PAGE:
What You Need to Know Before Adding a Third to Your Relationship

One of the oldest, most common fantasies — a threesome — is increasingly accessible as a mainstream relationship option as ethical nonmonogamy and polyamory go more mainstream. Whether you and your partner have been longtime practitioners of nonmonogamy, or whether you’re mostly monogamous but looking for an exciting “hall pass,” you may be interested in exploring what it looks like to add a third person to your relationship, whether for a night or for a lifetime. Where do you start, and how do you know you’re doing it right? Here’s what I recommend keeping in mind.

What kind of relationship are you looking for?

Even once you’ve taken the major step of deciding you’re interested in bringing a third person into your relationship, there are still a lot more details to figure out. There are many relationship configurations under the umbrella of polyamory or ethical nonmonogamy that include a third person — which one(s) are you interested in?

If you’re interested primarily in the sexual novelty of adding a third person, you may be looking for a “unicorn” — someone who’s interested in the thrill of being the new, exciting addition to an existing couple’s dynamic in a threesome. This could be a one-time thing, or something you’re interested in doing regularly — a regular hookup on speed dial for both of you.
Alternatively, you could be looking for a more serious romantic relationship that isn’t just about sex — a girlfriend for both of you. In this situation, there’s also plenty to think about: are you looking for someone that you both date and have largely independent relationships with, even if you sometimes all spend time together, or a full triad (or throuple) where all three of you are in one shared relationship? Are the people in this relationship also free to date other people — is it a fully open or nonmonogamous relationship — or are the three of you only dating each other?

Although you don’t have to have all the answers — after all, part of dating is figuring it out together — it’s good to have a general idea of what you’re looking for so that people you date know what they’re getting into and whether it’s a good fit for them. It’s also key to communicate about this within your primary relationship so you know you’re both on the same page and looking for the same thing before anything gets going.
Check your “couples privilege”

If you’re dating as a couple and looking for a third, sooner or later someone will ask you about couples privilege, and they’ll be right to do so. In the context of polyamory and ethical non-monogamy, “couples privilege” refers to the ways in which primary partners, or the original couple, enjoy advantages and security that newer or secondary partners, like your third, may not have.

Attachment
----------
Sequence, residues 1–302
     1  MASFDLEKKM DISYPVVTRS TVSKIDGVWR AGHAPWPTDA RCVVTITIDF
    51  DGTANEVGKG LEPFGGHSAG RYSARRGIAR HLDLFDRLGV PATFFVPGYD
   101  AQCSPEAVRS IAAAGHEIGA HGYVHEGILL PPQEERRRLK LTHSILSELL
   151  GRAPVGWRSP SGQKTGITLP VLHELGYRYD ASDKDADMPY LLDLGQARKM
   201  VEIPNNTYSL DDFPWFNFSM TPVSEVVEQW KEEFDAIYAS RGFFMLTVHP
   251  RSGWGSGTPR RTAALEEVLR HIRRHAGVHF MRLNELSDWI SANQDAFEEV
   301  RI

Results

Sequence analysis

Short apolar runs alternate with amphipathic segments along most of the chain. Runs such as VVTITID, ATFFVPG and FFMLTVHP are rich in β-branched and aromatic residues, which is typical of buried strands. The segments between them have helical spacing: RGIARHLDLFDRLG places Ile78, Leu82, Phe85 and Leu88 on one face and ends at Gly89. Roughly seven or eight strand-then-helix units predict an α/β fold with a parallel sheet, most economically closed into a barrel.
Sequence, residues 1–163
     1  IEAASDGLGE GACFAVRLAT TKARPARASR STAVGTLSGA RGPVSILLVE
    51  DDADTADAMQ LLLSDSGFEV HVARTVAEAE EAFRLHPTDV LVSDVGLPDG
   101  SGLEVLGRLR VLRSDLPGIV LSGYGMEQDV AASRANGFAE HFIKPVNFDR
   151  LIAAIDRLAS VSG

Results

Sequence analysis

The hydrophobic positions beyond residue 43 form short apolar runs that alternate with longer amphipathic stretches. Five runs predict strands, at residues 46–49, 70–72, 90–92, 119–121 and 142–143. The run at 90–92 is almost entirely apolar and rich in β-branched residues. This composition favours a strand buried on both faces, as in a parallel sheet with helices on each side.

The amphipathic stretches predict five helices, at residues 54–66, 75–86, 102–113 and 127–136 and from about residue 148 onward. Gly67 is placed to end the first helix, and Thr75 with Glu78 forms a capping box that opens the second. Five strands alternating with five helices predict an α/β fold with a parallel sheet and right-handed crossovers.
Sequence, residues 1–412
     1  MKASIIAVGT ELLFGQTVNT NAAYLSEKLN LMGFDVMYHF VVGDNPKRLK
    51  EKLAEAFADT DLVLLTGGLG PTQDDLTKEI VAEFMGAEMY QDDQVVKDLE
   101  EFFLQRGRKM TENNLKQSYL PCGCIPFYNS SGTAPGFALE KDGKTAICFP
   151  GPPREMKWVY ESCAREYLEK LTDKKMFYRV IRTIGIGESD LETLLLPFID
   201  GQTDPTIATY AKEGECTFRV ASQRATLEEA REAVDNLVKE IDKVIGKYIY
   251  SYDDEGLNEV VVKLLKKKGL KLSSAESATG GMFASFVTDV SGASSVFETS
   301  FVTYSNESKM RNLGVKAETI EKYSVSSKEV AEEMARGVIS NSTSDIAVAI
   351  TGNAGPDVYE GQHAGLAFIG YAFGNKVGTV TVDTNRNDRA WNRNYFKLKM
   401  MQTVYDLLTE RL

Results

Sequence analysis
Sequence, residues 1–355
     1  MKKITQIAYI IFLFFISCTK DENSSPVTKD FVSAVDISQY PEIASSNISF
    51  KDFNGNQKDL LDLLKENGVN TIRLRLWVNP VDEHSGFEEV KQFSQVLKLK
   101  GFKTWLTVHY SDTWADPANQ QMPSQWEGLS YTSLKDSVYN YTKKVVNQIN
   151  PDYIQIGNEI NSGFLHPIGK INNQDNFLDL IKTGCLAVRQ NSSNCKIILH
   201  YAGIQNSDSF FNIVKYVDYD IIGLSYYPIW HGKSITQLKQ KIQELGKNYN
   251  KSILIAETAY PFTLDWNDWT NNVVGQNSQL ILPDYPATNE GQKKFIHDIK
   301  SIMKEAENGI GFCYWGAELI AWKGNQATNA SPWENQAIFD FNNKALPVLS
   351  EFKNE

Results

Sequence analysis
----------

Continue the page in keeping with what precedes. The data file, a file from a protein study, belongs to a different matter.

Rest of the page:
This makes sense if you think about it — much like entering a friend group as a new person when everyone else has known each other since childhood, you and your current partner likely have a long history and know each other extraordinarily well; you have a lot of information and established trust, and if the chips are down, you’re likely to choose each other (or band together) with each other rather than the newer, third person. This creates a power dynamic (and insecurity) that it’s important to be aware of.

There are logistical layers to couples privilege as well — a primary partner may have more say in decision-making, for example, have more time or resources devoted to them, and will likely have a greater sense of security and stability in the relationship compared to non-primary partners. If your current partner has major surgery on the same day that your new partner has a sudden family emergency, whose side will you go to? Primary partners may also be given more social recognition or validation, which can make non-primary partners feel less valued or less visible. If you have a big work holiday party, or a family reunion, would you feel comfortable bringing your third — or admitting they exist? Would you introduce them to your parents? Being kept a secret can cause feelings of shame and cause discord in your relationship.

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